An artist very much to watch.

29. Thurston Moore – The Best Day

From a new artist to an old one. Sonic Youth’s Thurston Moore released his first band (and intra-band relationship) break-up solo album. The end of his Thurston Moore The Best Daymarriage to Sonic Youth’s bassist, Kim Gordon in 2012 saw Moore re-locate to London and in The Best Day release an album demonstrating a lot more assurance and vitality than much of Sonic Youth’s later output.

That is not to say that it represented a departure in sound – far from it, The Best Day sounded very much like Sonic Youth from their peak late 1980s/early 1990s period. Insistent guitars that build through repetition into a wall of sound with great surprisingly catchy melodies over the top.   The songs anchored by Steve Shelley, Sonic Youth’s drummer providing a clear continuity in sound.

The album has a reflective tone with photographs of Moore’s parents on the cover, though there is no sense of melancholy about it.   If this is what Sonic Middle Age sounds like, then all power to him.

 

28. Elbow – The Take Off And Landing of Everything

With the Take Off and Landing Of Everything Elbow felt that they had finally put behind them the perhaps accidental mega-success and ubiquity of One Day Elbow Takeoff and LandingLike This.   Elbow’s last album, 2011’s Build A Rocket Boys had, perhaps, been their most disappointing precisely because it had appeared that Guy Garvey was seeking to cash in on their new stadium anthem status.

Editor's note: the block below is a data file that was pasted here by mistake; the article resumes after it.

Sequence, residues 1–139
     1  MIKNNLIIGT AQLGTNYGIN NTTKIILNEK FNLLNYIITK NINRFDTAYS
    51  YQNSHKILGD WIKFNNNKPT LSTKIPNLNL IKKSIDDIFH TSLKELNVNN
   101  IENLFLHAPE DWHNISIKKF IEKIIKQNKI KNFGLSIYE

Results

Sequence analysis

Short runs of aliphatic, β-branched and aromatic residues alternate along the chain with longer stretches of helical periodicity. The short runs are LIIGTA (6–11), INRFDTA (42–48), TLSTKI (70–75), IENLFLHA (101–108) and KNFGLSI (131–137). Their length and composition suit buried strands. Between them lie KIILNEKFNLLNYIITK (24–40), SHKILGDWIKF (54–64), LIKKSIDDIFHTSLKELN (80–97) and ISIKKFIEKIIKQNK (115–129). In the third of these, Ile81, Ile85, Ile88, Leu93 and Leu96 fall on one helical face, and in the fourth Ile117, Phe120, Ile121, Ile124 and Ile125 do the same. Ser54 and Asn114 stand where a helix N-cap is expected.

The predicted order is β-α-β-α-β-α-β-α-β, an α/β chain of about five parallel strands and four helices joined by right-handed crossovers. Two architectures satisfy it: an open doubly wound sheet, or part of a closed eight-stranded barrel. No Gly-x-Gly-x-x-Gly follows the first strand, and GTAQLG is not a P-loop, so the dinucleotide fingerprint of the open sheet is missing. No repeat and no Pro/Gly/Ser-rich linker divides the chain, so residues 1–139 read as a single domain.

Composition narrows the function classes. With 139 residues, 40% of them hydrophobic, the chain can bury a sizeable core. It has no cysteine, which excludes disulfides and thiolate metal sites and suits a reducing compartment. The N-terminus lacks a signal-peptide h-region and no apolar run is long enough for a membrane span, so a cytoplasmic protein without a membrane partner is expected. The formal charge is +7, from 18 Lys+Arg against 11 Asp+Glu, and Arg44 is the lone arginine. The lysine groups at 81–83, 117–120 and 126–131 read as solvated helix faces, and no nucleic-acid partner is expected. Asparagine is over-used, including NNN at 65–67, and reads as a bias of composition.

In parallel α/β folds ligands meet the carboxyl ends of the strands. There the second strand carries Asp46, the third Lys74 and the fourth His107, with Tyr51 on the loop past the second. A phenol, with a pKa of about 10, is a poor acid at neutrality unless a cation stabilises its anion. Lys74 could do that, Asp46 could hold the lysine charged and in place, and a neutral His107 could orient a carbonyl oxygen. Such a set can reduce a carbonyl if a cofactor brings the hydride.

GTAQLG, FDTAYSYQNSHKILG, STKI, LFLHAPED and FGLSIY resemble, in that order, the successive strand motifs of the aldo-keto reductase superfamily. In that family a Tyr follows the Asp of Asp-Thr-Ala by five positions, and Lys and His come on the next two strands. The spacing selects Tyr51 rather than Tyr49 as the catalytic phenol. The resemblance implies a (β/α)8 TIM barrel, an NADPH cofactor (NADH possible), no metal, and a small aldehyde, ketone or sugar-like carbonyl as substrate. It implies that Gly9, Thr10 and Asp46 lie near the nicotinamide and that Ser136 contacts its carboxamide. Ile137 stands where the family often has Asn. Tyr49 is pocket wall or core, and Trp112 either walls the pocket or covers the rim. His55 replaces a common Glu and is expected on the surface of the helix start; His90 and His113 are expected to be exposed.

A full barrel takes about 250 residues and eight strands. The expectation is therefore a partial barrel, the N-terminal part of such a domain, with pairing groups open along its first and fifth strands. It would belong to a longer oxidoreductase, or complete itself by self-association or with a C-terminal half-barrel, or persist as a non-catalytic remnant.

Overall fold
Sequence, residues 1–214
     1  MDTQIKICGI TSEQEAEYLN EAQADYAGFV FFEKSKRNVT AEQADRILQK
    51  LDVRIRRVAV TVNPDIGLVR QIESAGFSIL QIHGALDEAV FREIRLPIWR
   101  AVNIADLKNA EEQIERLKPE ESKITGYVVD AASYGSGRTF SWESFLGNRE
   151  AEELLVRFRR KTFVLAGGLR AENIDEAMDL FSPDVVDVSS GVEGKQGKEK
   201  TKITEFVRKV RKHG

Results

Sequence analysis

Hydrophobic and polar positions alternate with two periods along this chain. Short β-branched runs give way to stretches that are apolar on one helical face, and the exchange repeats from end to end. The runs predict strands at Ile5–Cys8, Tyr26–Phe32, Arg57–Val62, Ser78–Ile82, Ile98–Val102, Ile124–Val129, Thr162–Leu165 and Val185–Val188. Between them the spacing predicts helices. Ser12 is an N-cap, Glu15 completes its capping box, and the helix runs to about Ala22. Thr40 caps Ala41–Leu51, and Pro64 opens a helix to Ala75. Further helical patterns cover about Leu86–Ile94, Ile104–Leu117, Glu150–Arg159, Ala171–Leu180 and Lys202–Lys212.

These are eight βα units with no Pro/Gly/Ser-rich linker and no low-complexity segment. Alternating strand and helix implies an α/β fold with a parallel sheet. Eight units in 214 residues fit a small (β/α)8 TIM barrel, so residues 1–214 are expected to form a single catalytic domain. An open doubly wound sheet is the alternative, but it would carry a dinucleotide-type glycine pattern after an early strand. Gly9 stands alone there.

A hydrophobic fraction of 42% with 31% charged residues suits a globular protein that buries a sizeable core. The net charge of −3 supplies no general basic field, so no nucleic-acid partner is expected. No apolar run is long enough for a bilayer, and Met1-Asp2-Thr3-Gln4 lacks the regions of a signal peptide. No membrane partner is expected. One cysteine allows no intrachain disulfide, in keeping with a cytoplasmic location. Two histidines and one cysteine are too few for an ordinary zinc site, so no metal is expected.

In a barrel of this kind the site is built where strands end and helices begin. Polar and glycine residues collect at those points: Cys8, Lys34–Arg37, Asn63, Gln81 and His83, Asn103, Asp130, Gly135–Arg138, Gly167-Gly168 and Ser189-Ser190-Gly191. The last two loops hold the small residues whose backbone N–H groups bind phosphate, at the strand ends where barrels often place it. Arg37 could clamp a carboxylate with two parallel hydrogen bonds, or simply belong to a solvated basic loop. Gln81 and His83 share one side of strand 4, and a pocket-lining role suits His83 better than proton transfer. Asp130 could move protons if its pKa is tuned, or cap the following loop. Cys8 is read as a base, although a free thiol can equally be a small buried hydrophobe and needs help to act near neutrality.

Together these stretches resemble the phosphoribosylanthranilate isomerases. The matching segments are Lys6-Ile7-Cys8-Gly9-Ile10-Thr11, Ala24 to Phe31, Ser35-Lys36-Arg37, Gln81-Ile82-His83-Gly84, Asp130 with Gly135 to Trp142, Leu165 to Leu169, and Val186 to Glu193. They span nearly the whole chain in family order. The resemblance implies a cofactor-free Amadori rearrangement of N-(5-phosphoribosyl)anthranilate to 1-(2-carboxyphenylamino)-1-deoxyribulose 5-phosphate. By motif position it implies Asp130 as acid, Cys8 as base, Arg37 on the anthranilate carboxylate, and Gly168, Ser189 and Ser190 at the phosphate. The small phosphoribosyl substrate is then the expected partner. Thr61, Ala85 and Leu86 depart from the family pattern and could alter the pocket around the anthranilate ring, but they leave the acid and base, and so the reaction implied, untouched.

Take Off and Landing of Everything meanwhile finds Elbow returning to what made them such a compelling band in the first place. Guy Garvey’s wonderfully big warm Lancastrian voice envelops the 10 songs on the album.   Elbow haven’t totally eschewed grandiosity here – there are big strings on Charge for example, but some how it all feels more intimate and personal than they have for a good long while. 

27. Aphex Twin – Syro

Released on triple vinyl Syro saw Richard James (aka Aphex Twin) return with his first album since 2001 (a time so long ago in musical terms that the ipod hadSyro Aphex Twin not even been launched).

If Syro didn’t represent any radical departures, it did underline that James is just the best there is at creating electronic sonic worlds.   This is music to take you to a completely different place – it is utterly engrossing in its all-encompassing textures.

Even if dance music and electronica are not your thing, giving the lie to the notion that it is music for the background, music to do other stuff to.   This is music to be listened to, music to study, music to get lost in. No one else can do anything close to what James is capable of doing.

Let’s hope we don’t have to wait for another 13 years before his next album.

26. St Paul & The Broken Bones – Half The City

The soul album of the year came out of Alabama.   Unusually for a southern roots act debut album it was not released on Jack White’s Third Man records.St Paul and the broken bones Instead St Paul & The Broken Bones’ were signed to the label of another White, that of John Paul White (formerly of The Civil Wars) and recorded their album in part at that catherdral to southern soul, Fame studios in Muscle Shoals.